THE READING ROOM: Joey McGee Embraces Storytelling in Both Books and Songs
Henry Carrigan Posted On April 11, 2019 in No Depression
Nicola Gell Photography
Texas roots singer-songwriter Joey McGee loves a good story, and
he’s thrilled when he can put a good story to music. When he’s not
letting an idea for a new song percolate in his mind, McGee’s reading a
good book or listening to Dylan or Guy Clark or Patty Griffin, paying
attention to the ways those writers put words together to tell a story
or to paint a colorful soundscape.
A native of New Orleans, McGee’s personal and musical journey has
carried him from his Louisiana homeland to the Hill Country of Texas to
the industrial corridors of Pittsburgh and back to the Brazos Valley,
where he now makes home near Bryan, Texas. Along the way, he’s been
nourished by the rich musical flavors of Cajun, soul, rock, blues, and
country music. His new album, El Camino Real, traces this
journey through these musical styles. Named for the old road that winds
from Louisiana to Mexico, the album features songs that wind through the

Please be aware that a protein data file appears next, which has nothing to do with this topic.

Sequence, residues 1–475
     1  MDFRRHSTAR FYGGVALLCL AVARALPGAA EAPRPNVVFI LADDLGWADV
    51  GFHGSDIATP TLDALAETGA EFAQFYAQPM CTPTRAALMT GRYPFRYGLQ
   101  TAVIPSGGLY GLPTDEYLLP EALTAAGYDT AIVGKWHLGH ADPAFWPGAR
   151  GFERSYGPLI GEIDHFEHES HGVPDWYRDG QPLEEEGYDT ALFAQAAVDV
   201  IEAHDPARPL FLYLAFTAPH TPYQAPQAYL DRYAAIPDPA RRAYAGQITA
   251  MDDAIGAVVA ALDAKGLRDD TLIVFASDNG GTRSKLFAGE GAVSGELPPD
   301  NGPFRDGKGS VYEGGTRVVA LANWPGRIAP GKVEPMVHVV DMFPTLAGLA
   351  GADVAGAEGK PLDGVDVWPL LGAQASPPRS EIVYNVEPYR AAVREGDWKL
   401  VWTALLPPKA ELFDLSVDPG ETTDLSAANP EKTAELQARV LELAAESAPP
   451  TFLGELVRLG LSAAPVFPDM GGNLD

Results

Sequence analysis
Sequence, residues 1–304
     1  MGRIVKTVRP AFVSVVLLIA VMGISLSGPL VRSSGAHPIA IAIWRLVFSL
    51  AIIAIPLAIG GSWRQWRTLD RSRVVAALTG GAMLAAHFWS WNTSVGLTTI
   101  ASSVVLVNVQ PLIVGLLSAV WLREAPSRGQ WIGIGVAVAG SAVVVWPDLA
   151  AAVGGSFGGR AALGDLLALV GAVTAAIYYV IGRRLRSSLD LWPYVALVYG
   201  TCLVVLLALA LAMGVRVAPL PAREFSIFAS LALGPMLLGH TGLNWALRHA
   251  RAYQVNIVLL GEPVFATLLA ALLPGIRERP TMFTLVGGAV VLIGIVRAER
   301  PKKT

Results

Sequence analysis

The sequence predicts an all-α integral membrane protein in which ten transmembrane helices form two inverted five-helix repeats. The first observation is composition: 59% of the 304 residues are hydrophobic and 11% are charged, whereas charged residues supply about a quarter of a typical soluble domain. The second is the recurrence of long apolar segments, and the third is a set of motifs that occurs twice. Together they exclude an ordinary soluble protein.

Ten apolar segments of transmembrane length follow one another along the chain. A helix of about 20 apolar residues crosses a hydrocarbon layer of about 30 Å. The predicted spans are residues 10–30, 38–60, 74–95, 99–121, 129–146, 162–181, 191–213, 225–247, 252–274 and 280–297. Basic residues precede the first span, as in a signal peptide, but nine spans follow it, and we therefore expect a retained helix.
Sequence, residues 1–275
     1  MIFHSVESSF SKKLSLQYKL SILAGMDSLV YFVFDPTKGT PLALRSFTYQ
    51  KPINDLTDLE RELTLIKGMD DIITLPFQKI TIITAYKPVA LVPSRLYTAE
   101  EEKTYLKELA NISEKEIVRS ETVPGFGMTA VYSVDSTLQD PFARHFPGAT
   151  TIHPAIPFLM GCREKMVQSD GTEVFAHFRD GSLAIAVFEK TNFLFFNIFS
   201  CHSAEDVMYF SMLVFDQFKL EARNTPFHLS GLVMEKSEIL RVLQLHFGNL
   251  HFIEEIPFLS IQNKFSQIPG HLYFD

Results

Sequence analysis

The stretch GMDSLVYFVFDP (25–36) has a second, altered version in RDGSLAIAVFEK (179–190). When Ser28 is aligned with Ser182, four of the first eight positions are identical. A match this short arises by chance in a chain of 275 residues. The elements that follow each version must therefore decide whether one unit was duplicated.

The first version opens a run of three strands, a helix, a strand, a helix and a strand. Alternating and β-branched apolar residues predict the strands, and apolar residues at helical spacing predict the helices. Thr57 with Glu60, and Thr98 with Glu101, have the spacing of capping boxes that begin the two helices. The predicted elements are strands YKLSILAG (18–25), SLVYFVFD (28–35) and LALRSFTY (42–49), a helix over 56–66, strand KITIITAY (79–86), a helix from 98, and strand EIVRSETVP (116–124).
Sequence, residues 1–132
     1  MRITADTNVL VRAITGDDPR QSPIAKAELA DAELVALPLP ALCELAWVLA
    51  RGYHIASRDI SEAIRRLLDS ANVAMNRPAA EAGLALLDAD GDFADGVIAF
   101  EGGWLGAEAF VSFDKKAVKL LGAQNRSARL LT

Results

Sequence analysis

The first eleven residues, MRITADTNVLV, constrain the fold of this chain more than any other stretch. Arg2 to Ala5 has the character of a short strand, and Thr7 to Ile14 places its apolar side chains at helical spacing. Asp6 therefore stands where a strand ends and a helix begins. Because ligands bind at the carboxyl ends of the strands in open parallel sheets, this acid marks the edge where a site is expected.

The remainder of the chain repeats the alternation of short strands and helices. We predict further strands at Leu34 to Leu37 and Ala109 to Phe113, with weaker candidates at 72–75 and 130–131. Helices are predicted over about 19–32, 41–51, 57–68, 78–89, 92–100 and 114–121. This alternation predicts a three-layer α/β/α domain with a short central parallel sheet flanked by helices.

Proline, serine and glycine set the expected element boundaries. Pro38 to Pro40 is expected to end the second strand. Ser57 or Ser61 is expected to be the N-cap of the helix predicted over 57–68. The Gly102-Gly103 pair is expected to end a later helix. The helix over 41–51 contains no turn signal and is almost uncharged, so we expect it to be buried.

hills and valleys of McGee’s own life — losses and disappointments,
revelations and hopes — and reveal his embrace of the diversity of
musical styles that have shaped him.
Looking back on his journey, McGee notices that his love of
storytelling is the thread that runs through it: “I like simplicity. I
like a good story and I like playing guitar,” he says. “The whole ‘three
chords and the truth’ thing really resonates with me, and I find that
in country and folk. It’s in the blues and gospel, too, and I think
blues and country are two sides of the same coin. I can dig ’em both if
there’s a good story to tell and a good groove to be had.”
I met McGee in Nashville last September at the Americana Music
Association Conference and Festival. We were sitting in a session at